Updated March 19, 2013, at 11:30 a.m. to reflect that the quote in paragraph 6 came from an ACC press release, not an Edwards press release.
Medical device maker Edwards Lifesciences (NYSE:EW) reported today that its Sapien transcatheter aortic valve implantation system appears durable and effective at 3 years compared with open-heart surgery, but that the risk of valve leakage is "overwhelmingly higher," researchers noted.
The medical device giant today unveiled the latest results from its PARTNER clinical trial, reporting that the Sapien technology proved similar at 3 years to surgical valve replacement for all-cause mortality, symptom improvement and stroke risk.
Procedure-related adverse events, however, remain a concern for the TAVI technology, including valve leakage and short-term stroke rates.
The news didn’t sit well with Wall Street, which sent EW shares down 2.4% to $88.11 as of about 2:30 p.m. EST today.
"In these 1st-generation transcatheter procedures, we have equivalent midterm outcomes between TAVR and the gold-standard surgical valve replacement in high-risk patients with severe aortic stenosis," said Dr. Vinod Thourani, who presented the trial results at today’s American College of Cardiology conference in San Francisco. "However, paravalvular leak continues to increase mortality at 3 years. Physicians should adopt innovative imaging technologies for more accurate sizing to help decrease these leak rates during TAVR."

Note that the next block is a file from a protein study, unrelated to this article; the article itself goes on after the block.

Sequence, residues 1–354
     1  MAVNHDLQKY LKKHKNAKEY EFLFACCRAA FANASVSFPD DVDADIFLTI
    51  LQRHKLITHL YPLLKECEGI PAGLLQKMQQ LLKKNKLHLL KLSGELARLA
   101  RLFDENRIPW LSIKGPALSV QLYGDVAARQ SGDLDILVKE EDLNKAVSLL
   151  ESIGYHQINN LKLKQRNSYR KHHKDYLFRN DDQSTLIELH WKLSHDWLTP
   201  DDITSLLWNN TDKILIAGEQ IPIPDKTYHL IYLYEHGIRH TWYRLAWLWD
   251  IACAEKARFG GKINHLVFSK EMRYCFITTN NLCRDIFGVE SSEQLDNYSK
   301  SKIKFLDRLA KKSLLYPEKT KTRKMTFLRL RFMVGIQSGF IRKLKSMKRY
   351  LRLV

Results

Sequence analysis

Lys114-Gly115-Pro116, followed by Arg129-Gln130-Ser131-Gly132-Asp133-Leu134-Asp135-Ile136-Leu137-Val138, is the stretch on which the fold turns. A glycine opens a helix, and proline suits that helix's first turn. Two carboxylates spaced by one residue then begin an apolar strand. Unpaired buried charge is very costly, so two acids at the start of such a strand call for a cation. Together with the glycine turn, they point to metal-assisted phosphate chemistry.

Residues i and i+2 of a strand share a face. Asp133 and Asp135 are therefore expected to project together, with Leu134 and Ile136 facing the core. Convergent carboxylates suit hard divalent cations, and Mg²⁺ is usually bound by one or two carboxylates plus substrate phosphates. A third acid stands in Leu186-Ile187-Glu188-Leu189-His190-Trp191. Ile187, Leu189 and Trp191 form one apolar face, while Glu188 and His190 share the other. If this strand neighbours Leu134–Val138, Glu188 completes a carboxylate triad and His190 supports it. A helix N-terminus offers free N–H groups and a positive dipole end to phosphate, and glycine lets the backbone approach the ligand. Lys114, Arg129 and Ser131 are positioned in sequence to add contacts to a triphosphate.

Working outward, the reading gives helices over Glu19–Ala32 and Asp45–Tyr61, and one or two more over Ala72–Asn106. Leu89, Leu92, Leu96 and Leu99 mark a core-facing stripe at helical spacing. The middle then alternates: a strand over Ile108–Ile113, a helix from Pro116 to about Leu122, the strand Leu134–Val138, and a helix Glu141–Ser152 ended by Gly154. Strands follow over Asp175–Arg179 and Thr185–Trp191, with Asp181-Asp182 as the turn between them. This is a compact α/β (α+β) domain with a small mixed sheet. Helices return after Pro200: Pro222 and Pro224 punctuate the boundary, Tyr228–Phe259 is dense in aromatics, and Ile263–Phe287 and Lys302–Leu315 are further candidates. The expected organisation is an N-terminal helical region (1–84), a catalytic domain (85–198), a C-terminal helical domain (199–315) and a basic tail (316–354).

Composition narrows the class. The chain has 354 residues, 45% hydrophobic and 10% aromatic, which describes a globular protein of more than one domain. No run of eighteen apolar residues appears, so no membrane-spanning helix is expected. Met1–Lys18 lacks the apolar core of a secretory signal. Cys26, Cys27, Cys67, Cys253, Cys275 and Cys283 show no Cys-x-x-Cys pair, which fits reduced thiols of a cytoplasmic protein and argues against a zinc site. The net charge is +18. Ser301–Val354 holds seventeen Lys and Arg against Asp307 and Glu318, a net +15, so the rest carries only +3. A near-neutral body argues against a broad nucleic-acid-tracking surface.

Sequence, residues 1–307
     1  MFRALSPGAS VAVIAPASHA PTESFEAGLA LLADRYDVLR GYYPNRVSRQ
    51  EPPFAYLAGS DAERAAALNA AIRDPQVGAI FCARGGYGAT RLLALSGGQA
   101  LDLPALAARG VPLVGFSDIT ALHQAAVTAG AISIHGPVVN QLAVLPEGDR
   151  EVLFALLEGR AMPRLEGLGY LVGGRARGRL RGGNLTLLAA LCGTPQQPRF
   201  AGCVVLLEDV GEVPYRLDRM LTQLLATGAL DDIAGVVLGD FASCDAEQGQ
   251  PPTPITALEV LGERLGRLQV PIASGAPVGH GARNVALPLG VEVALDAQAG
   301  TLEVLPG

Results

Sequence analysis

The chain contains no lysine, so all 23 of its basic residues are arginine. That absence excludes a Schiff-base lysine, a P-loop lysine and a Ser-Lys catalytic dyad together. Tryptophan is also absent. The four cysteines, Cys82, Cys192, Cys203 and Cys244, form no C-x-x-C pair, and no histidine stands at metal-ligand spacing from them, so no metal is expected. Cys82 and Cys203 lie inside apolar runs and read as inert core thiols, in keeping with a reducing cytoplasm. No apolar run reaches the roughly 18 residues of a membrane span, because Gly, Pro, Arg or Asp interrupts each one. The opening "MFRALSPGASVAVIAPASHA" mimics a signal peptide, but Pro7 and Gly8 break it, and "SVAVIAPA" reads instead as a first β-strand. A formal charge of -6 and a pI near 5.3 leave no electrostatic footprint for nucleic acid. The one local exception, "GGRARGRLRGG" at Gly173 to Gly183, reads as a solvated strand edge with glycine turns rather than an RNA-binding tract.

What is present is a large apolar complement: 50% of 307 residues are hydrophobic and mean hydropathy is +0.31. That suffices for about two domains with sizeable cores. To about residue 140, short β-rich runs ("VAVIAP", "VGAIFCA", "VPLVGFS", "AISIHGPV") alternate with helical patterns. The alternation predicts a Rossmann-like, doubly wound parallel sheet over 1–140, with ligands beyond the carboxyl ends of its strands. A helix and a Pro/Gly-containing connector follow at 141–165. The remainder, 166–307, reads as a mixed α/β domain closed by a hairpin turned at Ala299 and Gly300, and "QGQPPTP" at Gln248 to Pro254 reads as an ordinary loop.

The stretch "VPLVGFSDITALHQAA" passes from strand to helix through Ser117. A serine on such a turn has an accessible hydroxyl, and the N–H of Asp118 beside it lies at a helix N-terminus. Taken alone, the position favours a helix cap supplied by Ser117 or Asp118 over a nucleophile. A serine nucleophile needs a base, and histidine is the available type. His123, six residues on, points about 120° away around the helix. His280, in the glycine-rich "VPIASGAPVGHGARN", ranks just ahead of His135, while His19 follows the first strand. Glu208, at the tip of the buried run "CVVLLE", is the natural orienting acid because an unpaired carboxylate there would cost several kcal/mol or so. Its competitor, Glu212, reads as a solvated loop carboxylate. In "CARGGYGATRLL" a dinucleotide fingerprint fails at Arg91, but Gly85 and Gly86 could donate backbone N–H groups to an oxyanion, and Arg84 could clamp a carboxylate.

"Leaks around the valve were common soon after the procedure and were overwhelmingly higher in the TAVR group," Thourani noted in an ACC press release.* "Even mild aortic leakage is associated with a higher mortality rate after any valve replacement procedure."
The results were similar to those released at last year’s ACC conference, when Edwards Lifesciences reported 2-year findings from the PARTNER study.
The new findings highlighted the similarities between TAVI and surgical valve replacement in terms of all-cause mortality, cardiovascular mortality and stroke rates at 3 years.
At 6% the 30-day stroke rates for TAVI were significantly higher than the 3.2% reported for surgery, but TAVI narrowed that gap over the course of time. At 3 years the TAVI stroke rate was 8.2%, compared with surgery at 9.3%.
All-cause mortality was "nearly identical" with TAVI at 44.2% and surgery at 44.8%, and cardiovascular mortality was "statistically indistinguishable" with TAVI at 30.1% and surgery at 30.2%, according to the report.
Phase III of the PARTNER study will follow patients for 5 years, the company noted.